Bloomington’s uReport system for resident complaints features this item from mid-July last year: “When will the city start removing this debris?”
It was a mordant reference to the “pile of scooters” blocking the 6th Street sidewalk in front of the public library.
Complaints and comments about scooters have diminished since the Bird and Lime companies deployed them in Bloomington, starting in September 2018. But complaints have not completely disappeared. On Friday morning, @indiana_rachel Tweeted a photo of an 8-strong phalanx of Lime scooters parked in a way that blocks sidewalk passage, saying, “Hard to get past this in a wheelchair.” [Added 9:05 a.m. on Jan. 24, 2020, shortly after initial publication]
The number of complaints and comments in the uReport system is one way to track the activity of the shared-use electric scooters in the city.
Other ways include rides taken and fees paid by scooter companies to Bloomington.
Here’s a quick summary of scooter activity in Bloomington, based on UReport data, information from the mayor’s office, ridership numbers provided by scooter companies, and revenue numbers from Bloomington’s financial department:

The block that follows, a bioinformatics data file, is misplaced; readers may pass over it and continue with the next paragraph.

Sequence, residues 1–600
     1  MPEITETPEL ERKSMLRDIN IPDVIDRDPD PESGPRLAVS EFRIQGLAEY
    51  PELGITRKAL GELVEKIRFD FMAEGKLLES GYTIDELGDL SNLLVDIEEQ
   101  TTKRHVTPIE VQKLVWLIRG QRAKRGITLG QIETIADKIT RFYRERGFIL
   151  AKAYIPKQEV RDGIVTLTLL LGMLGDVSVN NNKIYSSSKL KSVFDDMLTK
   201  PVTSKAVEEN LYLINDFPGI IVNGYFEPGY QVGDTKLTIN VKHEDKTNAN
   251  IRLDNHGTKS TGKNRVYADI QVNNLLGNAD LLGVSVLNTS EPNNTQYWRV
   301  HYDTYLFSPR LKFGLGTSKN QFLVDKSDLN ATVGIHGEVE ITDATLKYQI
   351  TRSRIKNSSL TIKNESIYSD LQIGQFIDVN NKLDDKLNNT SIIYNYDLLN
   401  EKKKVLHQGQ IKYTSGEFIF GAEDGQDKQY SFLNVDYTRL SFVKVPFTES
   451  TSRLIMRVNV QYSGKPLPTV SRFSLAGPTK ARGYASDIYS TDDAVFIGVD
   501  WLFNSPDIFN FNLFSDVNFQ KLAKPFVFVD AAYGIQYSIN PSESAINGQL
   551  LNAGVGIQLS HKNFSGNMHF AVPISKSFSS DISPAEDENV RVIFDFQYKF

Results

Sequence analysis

Overview of Bloomington Scooter Activity
|111||uReport complaints/comments since September 2018|
|0||citations for scooter law infractions|
|378,137||rides taken on scooters from April through December 2019|
|$106,733||paid by scooter companies to Bloomington|
|3||scooter companies licensed in Bloomington|
In 2019, about 85 percent of all scooter rides in Bloomington were taken on Lime scooters. The last row of the overview reflects the fact that Bird and Lime, whose scooters have been operating in Bloomington since late 2018, will be joined in 2020 by a third competitor in the Bloomington market.
According to Amy Hesser, director of communications for VeoRide, her company’s scooters will be deployed in Bloomington starting sometime in spring 2020.
The Square Beacon talked with Bloomington’s director of public engagement, Mary Catherine Carmichael, about the city’s future approach to enforcement of scooter laws and how revenue from scooter companies will be spent.
First up, though, is the summarized information from the overview in a bit more detail.